Why Bush and bin Laden need each other

To keep the terror talk alive.

Josie Appleton

Topics Politics

Yesterday, UK Prime Minister Tony Blair sent tanks to surround Heathrow airport, in response to a ‘specific’ terrorist threat. US authorities warned the American public that a nuclear, biological or chemical attack may be ‘imminent’.

On the other side of the line, Arab satellite TV channel al-Jazeera broadcast a tape allegedly from Osama bin Laden, who called on Muslims to ‘target Americans and Jews in every corner’.

But at the time of writing, apocalypse is not yet upon us. And both London commuters and the Muslim masses seemed to go about their business pretty much as normal.

There seems to be a strange kind of complicity between Bush, Blair and bin Laden. They talk their terror talk to each other, through the world’s media. Bin Laden’s tape helps to back up Bush and Blair’s terror warnings; Bush and Blair’s terror warnings help to back up bin Laden’s threats. (Now, when it seems to suit their purposes, all insist that this latest tape really is bin Laden.)

But what all of this has to do with anything that is happening, or might actually happen on the ground, is anybody’s guess.

Today’s papers are plastered with yesterday’s terror threats. The Daily Mail carries the headline, ‘Heathrow in their sights’. ‘As Britain goes on highest alert, bin Laden issues chilling threat…WAR CRY’, shouts the Daily Mirror. ‘BIN LADEN: WE’LL KILL FOR IRAQ’, said the Sun, which also had stories headlined ‘War Zone Heathrow’ and ‘US Braced for Nukes’.

Of course, we are not party to the ‘increase of intelligence chatter’ that prompted Cobra, the UK Cabinet Office’s national emergency committee, to give authority for troops to be sent to Heathrow.

From 6am, 450 guardsmen, backed up by tanks and 700 extra policemen surrounded the airport and increased security in towns and villages on the Heathrow flight-path (1). Many commentators have concluded that al-Qaeda plans to shoot down an aeroplane with a missile, as it allegedly tried to do with an Israeli aeroplane taking off from Mombasa, Kenya, in November 2002.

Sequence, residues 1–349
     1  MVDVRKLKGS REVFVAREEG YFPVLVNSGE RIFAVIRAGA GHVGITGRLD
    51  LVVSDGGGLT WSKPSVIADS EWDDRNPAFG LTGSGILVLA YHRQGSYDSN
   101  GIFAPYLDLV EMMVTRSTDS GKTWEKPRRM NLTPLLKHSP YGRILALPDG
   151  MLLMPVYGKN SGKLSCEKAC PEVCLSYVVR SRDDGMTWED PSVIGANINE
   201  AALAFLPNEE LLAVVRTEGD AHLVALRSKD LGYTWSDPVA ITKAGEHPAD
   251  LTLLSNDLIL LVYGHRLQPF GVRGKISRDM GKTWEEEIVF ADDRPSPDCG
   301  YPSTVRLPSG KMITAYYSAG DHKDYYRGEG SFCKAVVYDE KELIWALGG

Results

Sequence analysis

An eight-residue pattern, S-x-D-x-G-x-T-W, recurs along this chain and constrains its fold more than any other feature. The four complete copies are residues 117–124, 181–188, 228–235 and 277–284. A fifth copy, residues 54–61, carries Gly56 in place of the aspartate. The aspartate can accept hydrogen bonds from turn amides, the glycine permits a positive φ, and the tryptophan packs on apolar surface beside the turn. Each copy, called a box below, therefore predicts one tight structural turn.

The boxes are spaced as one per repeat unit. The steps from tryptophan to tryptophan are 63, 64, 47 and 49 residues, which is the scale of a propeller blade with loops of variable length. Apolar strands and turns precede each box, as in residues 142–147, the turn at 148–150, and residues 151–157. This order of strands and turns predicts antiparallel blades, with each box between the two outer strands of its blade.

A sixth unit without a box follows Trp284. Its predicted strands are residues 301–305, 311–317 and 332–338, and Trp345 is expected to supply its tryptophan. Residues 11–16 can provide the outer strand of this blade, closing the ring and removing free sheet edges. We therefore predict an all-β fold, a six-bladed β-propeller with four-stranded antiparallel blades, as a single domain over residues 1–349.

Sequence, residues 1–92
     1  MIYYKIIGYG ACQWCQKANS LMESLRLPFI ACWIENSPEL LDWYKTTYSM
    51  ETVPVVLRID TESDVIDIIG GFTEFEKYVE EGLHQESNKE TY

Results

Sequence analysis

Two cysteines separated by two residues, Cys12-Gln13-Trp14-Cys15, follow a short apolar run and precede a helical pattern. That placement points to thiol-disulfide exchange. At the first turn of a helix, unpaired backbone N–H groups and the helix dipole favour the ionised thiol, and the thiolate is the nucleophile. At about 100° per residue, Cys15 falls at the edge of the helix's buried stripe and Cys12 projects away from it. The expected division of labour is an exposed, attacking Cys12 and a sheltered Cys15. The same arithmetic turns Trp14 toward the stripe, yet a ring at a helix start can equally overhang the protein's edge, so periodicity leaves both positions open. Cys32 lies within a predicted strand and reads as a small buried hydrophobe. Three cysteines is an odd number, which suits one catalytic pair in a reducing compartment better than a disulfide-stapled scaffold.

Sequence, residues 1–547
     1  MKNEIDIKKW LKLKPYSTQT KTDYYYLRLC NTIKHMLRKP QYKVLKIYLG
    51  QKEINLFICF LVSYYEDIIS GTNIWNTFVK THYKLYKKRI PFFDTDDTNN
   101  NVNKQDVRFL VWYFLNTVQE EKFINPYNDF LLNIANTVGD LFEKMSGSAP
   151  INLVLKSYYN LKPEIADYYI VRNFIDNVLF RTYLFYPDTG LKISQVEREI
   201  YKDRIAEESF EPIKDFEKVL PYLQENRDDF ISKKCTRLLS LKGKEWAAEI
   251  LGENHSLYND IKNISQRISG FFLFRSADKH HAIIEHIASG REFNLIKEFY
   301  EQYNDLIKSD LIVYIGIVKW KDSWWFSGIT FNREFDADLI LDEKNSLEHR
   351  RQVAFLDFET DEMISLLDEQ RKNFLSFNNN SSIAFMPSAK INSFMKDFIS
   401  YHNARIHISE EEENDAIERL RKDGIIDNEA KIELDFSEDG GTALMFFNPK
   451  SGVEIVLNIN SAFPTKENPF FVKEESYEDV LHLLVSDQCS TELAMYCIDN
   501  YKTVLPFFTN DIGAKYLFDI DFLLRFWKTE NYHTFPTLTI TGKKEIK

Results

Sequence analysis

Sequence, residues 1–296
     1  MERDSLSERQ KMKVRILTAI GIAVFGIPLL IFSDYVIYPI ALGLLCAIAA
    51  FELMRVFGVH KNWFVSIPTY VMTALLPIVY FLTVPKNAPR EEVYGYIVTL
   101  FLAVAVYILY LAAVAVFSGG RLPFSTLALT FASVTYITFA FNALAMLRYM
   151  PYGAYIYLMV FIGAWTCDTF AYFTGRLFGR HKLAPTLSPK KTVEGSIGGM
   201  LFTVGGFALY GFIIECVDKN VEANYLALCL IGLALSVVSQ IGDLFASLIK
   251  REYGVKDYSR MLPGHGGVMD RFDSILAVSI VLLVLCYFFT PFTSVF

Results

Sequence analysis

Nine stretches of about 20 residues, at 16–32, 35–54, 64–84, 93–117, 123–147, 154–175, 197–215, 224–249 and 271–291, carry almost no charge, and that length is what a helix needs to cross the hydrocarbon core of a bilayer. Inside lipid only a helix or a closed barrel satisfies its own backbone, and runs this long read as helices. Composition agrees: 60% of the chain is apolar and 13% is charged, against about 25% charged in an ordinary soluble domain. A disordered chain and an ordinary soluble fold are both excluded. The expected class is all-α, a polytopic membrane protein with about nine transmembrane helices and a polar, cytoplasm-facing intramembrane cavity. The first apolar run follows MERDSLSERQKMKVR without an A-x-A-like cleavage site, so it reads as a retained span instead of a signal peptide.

But UK officials managed only to confuse the issue. A Blair spokesman said first that ‘This is an ongoing operation in relation to a specific threat’ – but then said that it was not specific (2). Metropolitan Police commissioner Sir John Stevens said, somewhat obliquely: ‘This is an alert for the whole of London – what you see at Heathrow is the obvious part of it.’

Stevens defined the level of public anxiety that was appropriate to these specific threats – quite high, but not too high. ‘I don’t want people to panic’, he said, ‘people should not be alarmed, they should be alert’.

But these constant terror alerts seem to be having a mixed effect on the British public. Around Heathrow yesterday, some were obviously worried. ‘I’m a bit freaked out’, one woman told The Times – ‘A big tank with a big gun just went past. It’s a bit full-on, isn’t it? You don’t have the army at Heathrow for no reason.’ (3)

But many were reported as being fatalistic, or sanguine – ‘It’s a little bit over the top today’, said one taxi driver (4). Others suggested that the warnings were a cynical PR set-up to help the Bush/Blair case for war against Iraq.

And in the USA, while homeland security secretary Tom Ridge advised families to create a ‘disaster supply kit’ to help them survive an aftermath of a nuclear strike, there are no reports of panic buying.

In fact, the US authorities’ warnings seemed to find more affirmation in bin Laden’s taped statement than in the reaction of the American public. The CIA director’s warning that: ‘We place no limitations on what al-Qaeda might do to survive’, found an echo in bin Laden’s ranting claim that: ‘We have to fight a war and God will give us the victory.’

Read on:

spiked-issue: War on terror

(1) The Times, 12 February 2003

(2) Financial Times, 12 February 2003

(3) The Times, 12 February 2003

(4) The Times, 12 February 2003

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Topics Politics


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